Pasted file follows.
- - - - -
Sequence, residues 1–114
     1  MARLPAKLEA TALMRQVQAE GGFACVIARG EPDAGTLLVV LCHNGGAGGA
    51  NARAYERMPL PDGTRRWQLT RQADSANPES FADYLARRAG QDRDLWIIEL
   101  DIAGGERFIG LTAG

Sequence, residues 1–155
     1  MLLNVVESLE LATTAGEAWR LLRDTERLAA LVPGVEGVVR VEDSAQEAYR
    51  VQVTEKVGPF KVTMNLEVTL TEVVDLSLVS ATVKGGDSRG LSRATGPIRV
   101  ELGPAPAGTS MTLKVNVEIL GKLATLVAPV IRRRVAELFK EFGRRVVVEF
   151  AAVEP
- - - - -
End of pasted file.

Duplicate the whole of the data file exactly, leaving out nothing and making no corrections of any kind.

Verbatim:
Sequence, residues 1–114
     1  MARLPAKLEA TALMRQVQAE GGFACVIARG EPDAGTLLVV LCHNGGAGGA
    51  NARAYERMPL PDGTRRWQLT RQADSANPES FADYLARRAG QDRDLWIIEL
   101  DIAGGERFIG LTAG

Sequence, residues 1–155
     1  MLLNVVESLE LATTAGEAWR LLRDTERLAA LVPGVEGVVR VEDSAQEAYR
    51  VQVTEKVGPF KVTMNLEVTL TEVVDLSLVS ATVKGGDSRG LSRATGPIRV
   101  ELGPAPAGTS MTLKVNVEIL GKLATLVAPV IRRRVAELFK EFGRRVVVEF
   151  AAVEP